Tico Torres: It seems to me that a writer of a song, obviously, it means something when they write it. When you put it out in public, it becomes your song, the listener. Your interpretation and what it makes you feel like, I think is a very personal thing. As far as the Bon Jovi music, our own music, I’ve never felt that way about listening to a song in that manner; I think because I’m too inside of it in a different way. But there’s songs from other bands and other music in my life that affect me and would carry you through a good time or a bad time. So, that’s my answer. Yeah, Dave, go ahead.
David Bryan: Yeah. I guess for me the therapy is walking on stage, playing all of our songs, and walking out. That’s probably my therapy. That’s a good time. I think bad times I sit down and I play – there’s definitely certain songs that touch in certain ways. I go back to “Moonlight Sonata” by Beethoven; that usually takes care of everything.
Can you guys speak to the changes that have happened in the band, specifically in this album, where you don’t have a very key songwriter and player playing on this new album. Can you speak about that?
David Bryan: I could speak to that. We have been speaking about it. It’s the first record without Richie [Sambora]. We haven’t been in communication with him since the last tour – well, since 15 shows into the last tour. It’s not a sentence. He’s decided to not be in it anymore and we decided to keep going. We’re going to keep going. I think this record was just everybody stepping up and saying, “This house is not for sale. This is what we want to do.” For me and Tico, he’ll tell you in a minute, or not, but we’re here. We’re here and we want to be here. This record, I’m proud of. Like I said, we just had to step forward and do everything we had to do to make a great record. We got a number one record in over 30 countries. So, we’re working; we’re still having fun. Is it the way we wanted it? No. But it’s not our decision.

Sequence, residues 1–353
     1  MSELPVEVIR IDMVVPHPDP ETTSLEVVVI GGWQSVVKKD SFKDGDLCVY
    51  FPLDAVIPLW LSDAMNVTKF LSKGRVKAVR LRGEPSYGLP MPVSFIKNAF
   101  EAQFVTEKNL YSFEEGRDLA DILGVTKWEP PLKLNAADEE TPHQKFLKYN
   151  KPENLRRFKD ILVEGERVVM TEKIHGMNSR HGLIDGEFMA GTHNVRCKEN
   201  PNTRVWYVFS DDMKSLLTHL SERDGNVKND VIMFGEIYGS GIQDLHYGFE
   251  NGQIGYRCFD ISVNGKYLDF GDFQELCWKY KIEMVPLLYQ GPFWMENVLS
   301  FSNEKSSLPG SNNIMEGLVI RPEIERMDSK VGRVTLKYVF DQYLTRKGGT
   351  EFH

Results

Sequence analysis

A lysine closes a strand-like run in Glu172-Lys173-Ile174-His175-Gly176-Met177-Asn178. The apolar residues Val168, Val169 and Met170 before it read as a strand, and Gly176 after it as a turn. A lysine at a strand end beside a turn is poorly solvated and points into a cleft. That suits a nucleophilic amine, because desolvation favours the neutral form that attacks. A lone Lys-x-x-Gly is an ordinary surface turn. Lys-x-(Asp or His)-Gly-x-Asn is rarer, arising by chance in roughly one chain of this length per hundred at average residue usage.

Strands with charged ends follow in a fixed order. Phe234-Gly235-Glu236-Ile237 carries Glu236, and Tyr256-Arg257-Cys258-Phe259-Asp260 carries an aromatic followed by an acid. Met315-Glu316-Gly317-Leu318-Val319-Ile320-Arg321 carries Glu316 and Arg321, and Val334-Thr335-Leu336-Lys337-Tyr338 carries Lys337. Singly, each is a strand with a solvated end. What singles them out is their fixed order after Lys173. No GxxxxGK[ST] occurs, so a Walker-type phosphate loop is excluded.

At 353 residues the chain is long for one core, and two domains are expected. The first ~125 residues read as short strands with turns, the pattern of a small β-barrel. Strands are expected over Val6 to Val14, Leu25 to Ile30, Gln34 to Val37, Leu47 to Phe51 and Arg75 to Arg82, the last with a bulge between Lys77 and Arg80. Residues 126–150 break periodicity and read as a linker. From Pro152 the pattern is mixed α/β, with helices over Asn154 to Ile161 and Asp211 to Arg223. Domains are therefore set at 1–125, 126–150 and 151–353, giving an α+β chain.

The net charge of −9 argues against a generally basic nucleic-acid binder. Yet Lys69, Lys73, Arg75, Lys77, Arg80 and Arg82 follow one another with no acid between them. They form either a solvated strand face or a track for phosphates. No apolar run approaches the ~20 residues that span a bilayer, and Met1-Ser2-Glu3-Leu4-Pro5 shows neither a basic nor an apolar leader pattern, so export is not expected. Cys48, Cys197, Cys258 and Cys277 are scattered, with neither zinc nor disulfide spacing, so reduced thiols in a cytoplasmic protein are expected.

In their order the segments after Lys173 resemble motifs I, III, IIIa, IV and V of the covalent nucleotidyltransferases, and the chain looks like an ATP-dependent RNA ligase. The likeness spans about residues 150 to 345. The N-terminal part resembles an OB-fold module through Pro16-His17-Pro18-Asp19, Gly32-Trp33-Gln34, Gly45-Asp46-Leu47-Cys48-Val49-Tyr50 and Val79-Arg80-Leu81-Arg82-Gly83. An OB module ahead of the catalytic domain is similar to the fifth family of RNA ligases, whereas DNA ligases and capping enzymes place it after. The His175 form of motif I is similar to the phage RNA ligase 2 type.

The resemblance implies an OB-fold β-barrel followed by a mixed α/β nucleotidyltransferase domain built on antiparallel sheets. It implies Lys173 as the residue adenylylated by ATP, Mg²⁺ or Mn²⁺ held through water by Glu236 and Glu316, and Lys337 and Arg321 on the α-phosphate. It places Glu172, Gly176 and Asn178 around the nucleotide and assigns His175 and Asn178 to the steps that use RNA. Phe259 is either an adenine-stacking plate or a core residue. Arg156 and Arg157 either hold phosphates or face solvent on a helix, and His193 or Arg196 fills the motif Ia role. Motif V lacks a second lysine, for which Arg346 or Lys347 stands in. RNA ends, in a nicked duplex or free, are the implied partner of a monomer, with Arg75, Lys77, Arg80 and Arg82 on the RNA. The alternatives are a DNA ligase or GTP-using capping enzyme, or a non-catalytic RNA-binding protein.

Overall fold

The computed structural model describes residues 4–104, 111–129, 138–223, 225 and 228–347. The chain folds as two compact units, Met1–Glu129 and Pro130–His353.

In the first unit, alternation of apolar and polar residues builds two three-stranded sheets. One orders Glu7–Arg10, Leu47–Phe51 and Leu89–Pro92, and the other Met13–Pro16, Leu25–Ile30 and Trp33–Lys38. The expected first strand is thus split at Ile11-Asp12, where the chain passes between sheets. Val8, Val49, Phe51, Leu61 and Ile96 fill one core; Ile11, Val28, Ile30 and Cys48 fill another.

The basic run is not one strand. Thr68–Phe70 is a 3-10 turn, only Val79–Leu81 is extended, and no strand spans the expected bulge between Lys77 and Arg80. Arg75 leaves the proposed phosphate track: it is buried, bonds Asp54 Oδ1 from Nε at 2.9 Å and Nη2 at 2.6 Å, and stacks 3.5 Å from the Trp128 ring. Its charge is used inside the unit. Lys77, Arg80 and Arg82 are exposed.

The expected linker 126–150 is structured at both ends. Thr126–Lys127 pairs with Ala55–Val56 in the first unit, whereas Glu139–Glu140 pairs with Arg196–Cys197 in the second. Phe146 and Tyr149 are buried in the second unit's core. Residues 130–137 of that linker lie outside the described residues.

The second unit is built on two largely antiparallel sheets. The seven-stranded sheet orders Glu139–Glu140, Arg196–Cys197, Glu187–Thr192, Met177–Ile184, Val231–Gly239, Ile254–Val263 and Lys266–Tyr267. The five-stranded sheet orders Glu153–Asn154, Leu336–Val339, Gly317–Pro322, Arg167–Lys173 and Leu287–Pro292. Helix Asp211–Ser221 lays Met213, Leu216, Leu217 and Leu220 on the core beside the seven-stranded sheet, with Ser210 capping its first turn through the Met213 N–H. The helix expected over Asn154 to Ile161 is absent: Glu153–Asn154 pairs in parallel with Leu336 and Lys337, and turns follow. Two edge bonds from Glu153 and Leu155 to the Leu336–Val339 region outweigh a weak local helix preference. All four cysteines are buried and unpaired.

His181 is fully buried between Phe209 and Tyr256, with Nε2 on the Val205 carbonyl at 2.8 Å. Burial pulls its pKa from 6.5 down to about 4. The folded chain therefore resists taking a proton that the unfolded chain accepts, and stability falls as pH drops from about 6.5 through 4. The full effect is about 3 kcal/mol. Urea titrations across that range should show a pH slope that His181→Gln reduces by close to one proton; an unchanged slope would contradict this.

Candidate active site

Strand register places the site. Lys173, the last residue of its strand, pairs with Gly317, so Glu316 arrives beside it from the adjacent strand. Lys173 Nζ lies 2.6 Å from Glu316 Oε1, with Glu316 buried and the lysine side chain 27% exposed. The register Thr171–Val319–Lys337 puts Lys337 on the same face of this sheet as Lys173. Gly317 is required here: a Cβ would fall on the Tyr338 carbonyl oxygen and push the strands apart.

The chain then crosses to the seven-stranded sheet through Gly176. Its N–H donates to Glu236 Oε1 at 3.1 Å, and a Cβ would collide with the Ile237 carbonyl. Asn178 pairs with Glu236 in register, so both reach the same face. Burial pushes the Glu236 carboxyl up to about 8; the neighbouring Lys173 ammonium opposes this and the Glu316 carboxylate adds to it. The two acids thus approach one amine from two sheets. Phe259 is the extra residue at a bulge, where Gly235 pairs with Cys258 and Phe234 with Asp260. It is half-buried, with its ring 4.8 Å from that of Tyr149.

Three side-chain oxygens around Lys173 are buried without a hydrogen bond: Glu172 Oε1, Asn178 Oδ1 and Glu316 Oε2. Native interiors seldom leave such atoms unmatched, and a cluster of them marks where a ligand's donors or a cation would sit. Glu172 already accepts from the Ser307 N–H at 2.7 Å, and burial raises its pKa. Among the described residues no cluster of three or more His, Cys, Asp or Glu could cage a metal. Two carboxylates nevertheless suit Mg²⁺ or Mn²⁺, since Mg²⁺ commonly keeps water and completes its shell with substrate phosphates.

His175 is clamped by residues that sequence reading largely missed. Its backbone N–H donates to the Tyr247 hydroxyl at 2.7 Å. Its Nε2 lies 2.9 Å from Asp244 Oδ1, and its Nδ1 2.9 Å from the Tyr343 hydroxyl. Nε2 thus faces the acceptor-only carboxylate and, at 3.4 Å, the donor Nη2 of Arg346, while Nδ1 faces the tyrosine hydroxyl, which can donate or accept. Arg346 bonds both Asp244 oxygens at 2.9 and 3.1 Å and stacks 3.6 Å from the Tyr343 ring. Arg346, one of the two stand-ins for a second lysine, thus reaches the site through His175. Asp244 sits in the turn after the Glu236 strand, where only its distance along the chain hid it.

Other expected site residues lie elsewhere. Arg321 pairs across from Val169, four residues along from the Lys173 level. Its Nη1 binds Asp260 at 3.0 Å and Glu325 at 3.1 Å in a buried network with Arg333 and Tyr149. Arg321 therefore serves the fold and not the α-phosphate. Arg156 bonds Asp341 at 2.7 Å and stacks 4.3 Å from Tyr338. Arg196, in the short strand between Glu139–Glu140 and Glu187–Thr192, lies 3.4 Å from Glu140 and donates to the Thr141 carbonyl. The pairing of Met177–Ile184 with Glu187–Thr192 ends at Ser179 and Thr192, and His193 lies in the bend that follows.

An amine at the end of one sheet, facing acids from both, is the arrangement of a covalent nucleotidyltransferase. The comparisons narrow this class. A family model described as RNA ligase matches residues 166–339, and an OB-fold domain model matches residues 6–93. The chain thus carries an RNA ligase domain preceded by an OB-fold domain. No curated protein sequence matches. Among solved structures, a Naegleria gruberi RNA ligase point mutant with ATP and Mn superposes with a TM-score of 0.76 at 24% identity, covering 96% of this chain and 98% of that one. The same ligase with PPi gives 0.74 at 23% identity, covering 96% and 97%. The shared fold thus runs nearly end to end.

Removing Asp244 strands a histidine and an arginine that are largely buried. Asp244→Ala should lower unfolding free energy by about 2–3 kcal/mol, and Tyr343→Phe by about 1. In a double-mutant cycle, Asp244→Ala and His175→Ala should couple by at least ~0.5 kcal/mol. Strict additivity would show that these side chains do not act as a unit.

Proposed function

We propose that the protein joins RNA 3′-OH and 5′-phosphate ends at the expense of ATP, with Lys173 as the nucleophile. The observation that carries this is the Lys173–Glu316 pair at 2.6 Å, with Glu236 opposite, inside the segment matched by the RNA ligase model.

With the opening act contest, why is it important for veterans like yourself to give back to the younger community? And what other advice do you have to new artists and bands coming up today?
Tico Torres: Well, a couple of things. When we grew up, there were a million clubs to play at. That’s before disco came in and DJ’s and club owners decided it was cheaper to have one guy instead of a band. That hurt music, I think a lot, local music in not only New Jersey and New York, but around the country. It’s harder to find venues for guys to play at. I’m glad we grew up in our era, because we had plenty of places to play at. I see now, you’re going to see a resurgence, like there is in life. It always comes back in not only music styles but ideals of how to play music. Maybe this is one way to let the kid or man or woman that’s playing music and say, “I’d like to put my stuff out there.” Then you never know. You might find a shining star and just by supporting it, they’ll be able to go out there and play for thousands of people. That’s my view.